I turn and enter another alleyway nearby and move out of sight before finding a suitable spot to climb to the roofs. I lift myself upwards and over the edge and sprawl onto my back. I hear the stamping of feet, the shouting of voices and the clanging of arms. Guards have been called, I am sure. People are terrified. I am covered in blood.
I lie on the roof and let the sun beat upon me. I say nothing. I do not cry.
Lunch time passes. I lie on the roof and let the sun beat upon me. I say nothing. I do not cry.
Dinner comes, and the lights are lit. I lie on the roof and let the sun’s final rays slide over me. I say nothing. I do not cry.
Darkness falls fully, and I slide off of the roof, slip through the alleys unseen and unheard, and finally reach the city wall. I say nothing. I do not cry.
I know this spot well, and there is a small culvert here in the wall leading outside of the city. It is wet, and it is smelly, but it is big enough for me. It is not grated or sealed. I slip through, and soon I creep out into the tall grass beyond the city walls. I move away, through the grass, into the brush farther away, into the thistles and brambles that tear at my robes and my flesh and I throw myself into the bushes a distance from the city and lie on my back, staring at the stars.
I lie in the bushes and let the bugs crawl over me. I let out a scream. My eyes blur and all of the tears I held back before come spilling out. My nose is running.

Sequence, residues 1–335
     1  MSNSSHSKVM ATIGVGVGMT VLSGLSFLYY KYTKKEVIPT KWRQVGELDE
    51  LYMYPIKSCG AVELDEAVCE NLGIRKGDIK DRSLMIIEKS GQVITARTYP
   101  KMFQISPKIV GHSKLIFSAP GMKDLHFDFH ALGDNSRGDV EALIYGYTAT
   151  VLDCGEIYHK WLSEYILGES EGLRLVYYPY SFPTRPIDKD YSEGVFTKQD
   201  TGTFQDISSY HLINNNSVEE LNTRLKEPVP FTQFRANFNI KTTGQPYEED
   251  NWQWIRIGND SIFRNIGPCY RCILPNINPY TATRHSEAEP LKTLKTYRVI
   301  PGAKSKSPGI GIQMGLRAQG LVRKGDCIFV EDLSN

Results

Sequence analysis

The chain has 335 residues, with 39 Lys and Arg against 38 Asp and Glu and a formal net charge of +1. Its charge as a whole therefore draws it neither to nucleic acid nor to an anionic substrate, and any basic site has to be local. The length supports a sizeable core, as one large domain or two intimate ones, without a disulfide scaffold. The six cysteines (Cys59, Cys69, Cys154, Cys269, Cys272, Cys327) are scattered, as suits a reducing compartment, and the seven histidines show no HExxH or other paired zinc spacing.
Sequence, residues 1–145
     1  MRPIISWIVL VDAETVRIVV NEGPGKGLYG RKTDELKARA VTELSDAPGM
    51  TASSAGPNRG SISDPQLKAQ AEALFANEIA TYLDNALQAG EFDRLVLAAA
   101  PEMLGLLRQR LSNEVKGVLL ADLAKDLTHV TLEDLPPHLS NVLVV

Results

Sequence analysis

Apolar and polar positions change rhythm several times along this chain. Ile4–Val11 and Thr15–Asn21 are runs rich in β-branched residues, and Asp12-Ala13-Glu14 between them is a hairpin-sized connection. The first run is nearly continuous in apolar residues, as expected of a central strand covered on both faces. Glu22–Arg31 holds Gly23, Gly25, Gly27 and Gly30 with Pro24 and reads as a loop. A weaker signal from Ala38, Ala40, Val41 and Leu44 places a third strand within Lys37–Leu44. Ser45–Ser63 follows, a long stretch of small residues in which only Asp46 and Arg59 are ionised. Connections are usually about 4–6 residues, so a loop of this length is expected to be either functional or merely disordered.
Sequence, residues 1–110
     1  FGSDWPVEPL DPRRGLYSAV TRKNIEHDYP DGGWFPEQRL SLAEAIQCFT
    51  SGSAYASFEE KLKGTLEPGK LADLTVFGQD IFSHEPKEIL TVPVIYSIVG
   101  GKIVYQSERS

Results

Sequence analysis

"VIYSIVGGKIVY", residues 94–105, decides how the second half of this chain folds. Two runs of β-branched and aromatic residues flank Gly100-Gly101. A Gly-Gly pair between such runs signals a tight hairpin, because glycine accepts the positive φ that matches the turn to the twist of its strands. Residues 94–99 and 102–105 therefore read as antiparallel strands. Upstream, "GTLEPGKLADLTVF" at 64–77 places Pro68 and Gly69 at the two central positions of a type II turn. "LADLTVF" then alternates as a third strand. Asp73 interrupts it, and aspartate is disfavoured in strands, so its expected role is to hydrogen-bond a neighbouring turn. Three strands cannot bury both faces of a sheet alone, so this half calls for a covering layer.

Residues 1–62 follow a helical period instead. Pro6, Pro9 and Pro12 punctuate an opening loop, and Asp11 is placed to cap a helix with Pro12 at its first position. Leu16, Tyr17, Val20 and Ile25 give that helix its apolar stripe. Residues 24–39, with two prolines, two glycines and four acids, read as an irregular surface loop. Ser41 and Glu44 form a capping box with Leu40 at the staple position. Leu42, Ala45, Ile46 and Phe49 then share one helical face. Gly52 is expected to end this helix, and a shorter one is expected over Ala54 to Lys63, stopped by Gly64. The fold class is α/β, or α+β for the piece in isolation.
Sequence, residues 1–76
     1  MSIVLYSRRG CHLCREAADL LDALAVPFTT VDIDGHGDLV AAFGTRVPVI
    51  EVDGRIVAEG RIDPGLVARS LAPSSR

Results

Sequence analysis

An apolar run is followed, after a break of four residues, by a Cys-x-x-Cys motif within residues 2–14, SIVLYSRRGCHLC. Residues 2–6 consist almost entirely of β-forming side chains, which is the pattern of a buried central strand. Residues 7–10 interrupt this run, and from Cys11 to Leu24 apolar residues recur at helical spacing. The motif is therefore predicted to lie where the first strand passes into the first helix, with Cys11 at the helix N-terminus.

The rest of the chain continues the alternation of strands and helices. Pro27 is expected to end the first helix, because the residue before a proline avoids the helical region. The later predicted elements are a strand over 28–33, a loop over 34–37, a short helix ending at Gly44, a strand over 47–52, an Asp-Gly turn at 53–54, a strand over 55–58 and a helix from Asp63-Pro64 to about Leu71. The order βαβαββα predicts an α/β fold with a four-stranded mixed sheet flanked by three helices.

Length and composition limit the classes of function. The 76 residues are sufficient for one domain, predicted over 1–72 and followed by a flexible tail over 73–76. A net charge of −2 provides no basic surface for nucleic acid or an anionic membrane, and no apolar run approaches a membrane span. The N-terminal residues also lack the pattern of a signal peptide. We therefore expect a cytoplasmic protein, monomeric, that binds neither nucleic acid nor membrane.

I curl myself into a ball and weep and give my water to the dead, even unto Karram, the lesion on a camel's ass who never comprehended the doom that had enveloped him. I weep for Behtu and Mata and even Used-to-be-Second-in-Command-who-used-to-be-alive. I scream the names of their deaths into the night, and know that somewhere, far away, my god is smiling.
Damn you, Gorgus.
Damn you, Petyr!
I vow never to call upon that power again and know that my vow is meaningless and empty, as it is every time.
And it is only me, Darsena, and the bushes, and nahhu is gone. I weep, bitterly, and I wail and I beat at my head and at my breasts, and I rip the blue hair ribbon from my hair and hurl it away.
It hovers and flutters in the wind and falls at the feet of the woman standing there, gown glittering and seeming to shine golden, her green hair looking all the more out of place here in the midst of auburn and yellow and red. The brambles should be ripping up her dress, but she stands among them as if in the eye of the whirlwind, calm in the sandstorm.